Anna Maurizio, Swiss Bee Expert, Born (1900)

Bees are among the world’s most important insects.  And a great deal of what we know about bees comes from the career of Dr. Anna Maurizio, who became one of the world’s leading melissopalynologists.  You do know what a melissopalynologist is, don’t you?

            Anna Maurizio was born in Switzerland on November 26, 1900 (died 1993).  Her father was a professor of botany, and Maurizio followed closely in his footsteps, completing a doctorate on the topic of mycology.  She learned of fungi that  affected the lives of bees.  She started working on bees, and never stopped.  In 1928, she began working in the Bee Section of the Swiss Federal Research Institute for Milk Husbandry, and she remained there for the majority of her career.

Anna Maurizio in 1970 (photo by Hajo1932)

            Her research ranged widely across bee biology.  Studies of pollen dominated the first half of her career, covering the relationships between bees and pollen.  In 1954, she published a major work on the composition, collection, utilization and identifications of pollen that established her as the world’s leading scholar on the subject.  Her knowledge of pollen led in the second half of her career to studies of the linkage between types of pollen and various aspects of bee nutrition, honey characteristics and ecological relationships.  As she wrote,

The relationship between bees and pollen is essential to sustainability (photo by David Lienhard)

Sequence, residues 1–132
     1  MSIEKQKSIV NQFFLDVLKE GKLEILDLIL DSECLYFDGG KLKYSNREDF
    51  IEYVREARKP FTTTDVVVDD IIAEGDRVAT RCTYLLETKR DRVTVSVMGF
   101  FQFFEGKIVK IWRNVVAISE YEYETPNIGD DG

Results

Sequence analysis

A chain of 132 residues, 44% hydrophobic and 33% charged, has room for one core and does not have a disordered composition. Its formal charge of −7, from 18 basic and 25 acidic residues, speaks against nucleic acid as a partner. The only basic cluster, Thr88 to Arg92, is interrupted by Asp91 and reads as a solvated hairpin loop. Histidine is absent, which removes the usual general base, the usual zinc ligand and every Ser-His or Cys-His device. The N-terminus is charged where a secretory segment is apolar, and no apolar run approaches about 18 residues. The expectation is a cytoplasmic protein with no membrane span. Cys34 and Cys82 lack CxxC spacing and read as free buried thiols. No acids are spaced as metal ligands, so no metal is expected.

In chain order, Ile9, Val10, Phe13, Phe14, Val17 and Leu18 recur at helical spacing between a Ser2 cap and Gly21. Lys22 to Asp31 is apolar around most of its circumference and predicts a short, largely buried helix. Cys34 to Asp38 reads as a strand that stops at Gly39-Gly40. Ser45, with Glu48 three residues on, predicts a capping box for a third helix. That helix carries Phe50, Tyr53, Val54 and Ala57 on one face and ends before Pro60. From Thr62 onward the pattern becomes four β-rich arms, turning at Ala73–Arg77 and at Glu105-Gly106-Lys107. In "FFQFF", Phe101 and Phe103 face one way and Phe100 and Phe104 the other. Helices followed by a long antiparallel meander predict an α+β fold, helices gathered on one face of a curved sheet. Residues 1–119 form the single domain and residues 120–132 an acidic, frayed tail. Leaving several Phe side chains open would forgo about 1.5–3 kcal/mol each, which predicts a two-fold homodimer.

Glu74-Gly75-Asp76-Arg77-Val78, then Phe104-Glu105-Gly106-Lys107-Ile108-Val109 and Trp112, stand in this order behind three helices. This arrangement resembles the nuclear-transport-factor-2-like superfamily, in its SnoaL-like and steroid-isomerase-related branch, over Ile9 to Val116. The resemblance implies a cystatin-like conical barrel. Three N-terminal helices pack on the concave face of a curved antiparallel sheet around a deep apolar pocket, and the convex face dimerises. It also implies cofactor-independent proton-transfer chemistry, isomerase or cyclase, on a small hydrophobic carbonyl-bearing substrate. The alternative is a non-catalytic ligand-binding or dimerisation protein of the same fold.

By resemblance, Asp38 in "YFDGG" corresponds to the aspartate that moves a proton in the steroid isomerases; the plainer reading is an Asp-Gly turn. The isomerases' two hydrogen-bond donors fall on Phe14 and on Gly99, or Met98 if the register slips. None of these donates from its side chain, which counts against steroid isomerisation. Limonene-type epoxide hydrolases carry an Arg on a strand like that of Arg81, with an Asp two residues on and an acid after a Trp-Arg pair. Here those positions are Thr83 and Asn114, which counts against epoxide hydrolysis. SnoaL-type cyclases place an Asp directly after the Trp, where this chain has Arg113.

“The concept of bienenbotanik (bee botany) comprises the relations of the honeybees with their plant environment.  To this field belong first of all bee plants (secretion of nectar, collection of nectar, production and collection of pollen), poisoning of honeybees by plants, microscopy of honey and pollen and also the relation of apiculture and agriculture.”

            Anna Maurizio pioneered techniques to trace the pollen in honey back to the originating plants—that work is called melissopalynology.  Understanding the pollen composition of honey allows researchers to trace plant use by bees, a fundamental aspect of bee ecology.  From that basic research (her work is still the foundation of much pollen analysis) comes rationales for conserving plant diversity and controlling factors that reduce bee survival.

A typical beehive contains thousands of bees, capable of pollinating millions of flowers every day (photo by Onesine)

            And that work is important for environmental sustainability, because bees play such a large role in the pollination of flowering plants.  According to the Earth Day Network, individuals of the world’s 20,000 bee species (4,000 in the U.S.) pollinate about 35% of the world’s food production, valued at $577 billion U.S. dollars—and more importantly, feeding billions of people.  In total, about 90% of all flowering plants in the world (that’s about 370,000 species) depend on insects, especially bees, for pollination.

            How effective are bees at pollination?  A typical colony of bees includes from 10,000-80,000 individuals.  The Earth Day Network uses 25,000 as an average number, and then suggests the average bee takes 10 trips to and from the hive each day and visits 50-1000 flowers on each trip.  Therefore, one colony can pollinate between 12.5 and 250 million flowers per day!